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Health care veteran tries to upend the system and bring drug prices down (statnews.com)
47 points by vo2maxer 6 days ago | hide | past | web | favorite | 26 comments

It is unclear what differentiates EQRx from other pharma companies. As the article points out:

>The idea of creating a “fast-follower” — a new drug that is much like an existing one — is anything but new.

All I see is the claim to come in with competitive pricing - something else that is anything but new.

>But fast-followers do not compete on price, because lowering price has not historically resulted in selling more units of a drug.

It is also weird that he talks about the reason he raised prices at companies in the past was because it was fiduciary to shareholders. Then he starts a new company with VC money. I might be more believing if the company was a B corp.

We need a different approach to drug development that is not this. The big issue with drugs is that there are only legal protections for generics and other countries have far different bargaining power. We need some kind of shared risk and reimbursement model with every country having access to the ability to buy or create generics based on them paying to support the research. This is something that could be easily spearheaded by a Gates foundation or its ilk.

What do you mean by there are only legal protections for generics? As I understand it, original developers have the protections, not generics .

that last quote seems strange to me. There are certainly instances where fast followers price lower and got significant share. The hepatitis c market is a good recent example. Gilead had the first drug and then two other companies followed shortly thereafter pricing at ~20-50% discounts and got significant share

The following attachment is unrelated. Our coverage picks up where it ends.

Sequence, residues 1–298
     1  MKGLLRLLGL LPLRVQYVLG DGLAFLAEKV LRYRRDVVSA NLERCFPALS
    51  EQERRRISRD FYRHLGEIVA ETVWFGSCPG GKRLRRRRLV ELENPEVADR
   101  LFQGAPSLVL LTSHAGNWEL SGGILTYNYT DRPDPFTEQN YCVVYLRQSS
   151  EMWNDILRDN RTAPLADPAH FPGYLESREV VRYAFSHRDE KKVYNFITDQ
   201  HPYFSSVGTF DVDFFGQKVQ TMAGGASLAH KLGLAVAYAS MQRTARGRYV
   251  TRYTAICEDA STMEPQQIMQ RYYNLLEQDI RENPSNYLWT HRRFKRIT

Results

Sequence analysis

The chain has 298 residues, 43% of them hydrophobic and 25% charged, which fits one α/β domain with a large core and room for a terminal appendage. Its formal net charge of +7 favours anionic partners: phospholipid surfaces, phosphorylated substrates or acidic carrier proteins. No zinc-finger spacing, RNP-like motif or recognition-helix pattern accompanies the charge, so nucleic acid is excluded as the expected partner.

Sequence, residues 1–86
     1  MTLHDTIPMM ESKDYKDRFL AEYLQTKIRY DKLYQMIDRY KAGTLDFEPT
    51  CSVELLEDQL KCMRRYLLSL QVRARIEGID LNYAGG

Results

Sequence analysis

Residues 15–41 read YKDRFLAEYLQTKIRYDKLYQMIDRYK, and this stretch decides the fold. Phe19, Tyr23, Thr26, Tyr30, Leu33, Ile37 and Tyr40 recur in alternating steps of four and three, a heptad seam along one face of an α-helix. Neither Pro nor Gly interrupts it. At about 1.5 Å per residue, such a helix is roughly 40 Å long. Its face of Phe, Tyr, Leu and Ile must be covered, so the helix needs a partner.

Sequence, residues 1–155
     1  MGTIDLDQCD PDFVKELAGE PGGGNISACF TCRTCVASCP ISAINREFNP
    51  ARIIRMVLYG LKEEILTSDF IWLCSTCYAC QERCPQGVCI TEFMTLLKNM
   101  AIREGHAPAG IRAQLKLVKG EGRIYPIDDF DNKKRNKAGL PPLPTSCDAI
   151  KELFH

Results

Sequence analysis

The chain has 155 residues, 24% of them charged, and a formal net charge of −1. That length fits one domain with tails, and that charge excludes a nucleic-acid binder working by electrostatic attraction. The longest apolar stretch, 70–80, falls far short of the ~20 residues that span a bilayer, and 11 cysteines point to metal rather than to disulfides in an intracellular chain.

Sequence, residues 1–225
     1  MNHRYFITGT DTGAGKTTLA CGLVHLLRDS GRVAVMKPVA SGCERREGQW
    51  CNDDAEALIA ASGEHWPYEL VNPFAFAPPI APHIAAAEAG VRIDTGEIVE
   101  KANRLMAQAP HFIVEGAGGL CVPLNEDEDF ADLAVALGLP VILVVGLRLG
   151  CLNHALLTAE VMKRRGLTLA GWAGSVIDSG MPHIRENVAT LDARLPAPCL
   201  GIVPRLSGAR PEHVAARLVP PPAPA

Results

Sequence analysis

Yeah, I believe a number of biosimilars have entered the market with steep discounts as well.

'Robert Nelsen, of ARCH Venture Partners, said he invested because “I think it’s really cool and I like throwing rocks into the pond.”'

Definitely a bold approach that will require lots of cash up front, which explains the $200M round. It will be interesting to see how many VCs let their FOMO get the best of them and fund the first credible copy-cat pitch they hear. After all, there is only one Alexis Borisy out there.

It will also be interesting to see what kind of tech or novel operational methodology is developed to deliver on their promise to lower costs. I'll also be interested to see whether they demonstrate substantive progress by the time they raise their next round.

> “I’ve spent the last 25 years creating breakthrough new medicines,” Borisy said in an interview. “We’ve ratcheted up the prices on them ever higher, frankly, because we can,” he said. “And the reality is we can create a lot of these great new medicines, and turn that into a viable business charging a lot less for them. This is not fantasy world. This is something that can be done.”

Is he saying that he has participated in price increases because he could?

yea i suppose so, but then something in his world changed. And he thought maybe we can change this for the better. I would be interested to see what it was. Maybe he can just make more money doing this.

It sounds like the idea is to spend less money on research by seeking to make equivalents (but not generics? and not infringing patents) and then sell them for less. And, presumably, encourage pharmacies to fill with theirs instead of the original.

If the development costs really are lower, and the targeted drugs have enough of a market, it seems totally reasonable to reduce end user costs and still make a bunch of money.

I'm still skeptical. It seems like this approach would be harder than making a biosimilar drug, which still takes >$100 million and 5-8 years.

Pharmacies are not allowed to fill will biologic generics without FDA bio-interchangeable approval, which no biologic in the US has obtained. They would not be able to substitute an alternative drug either.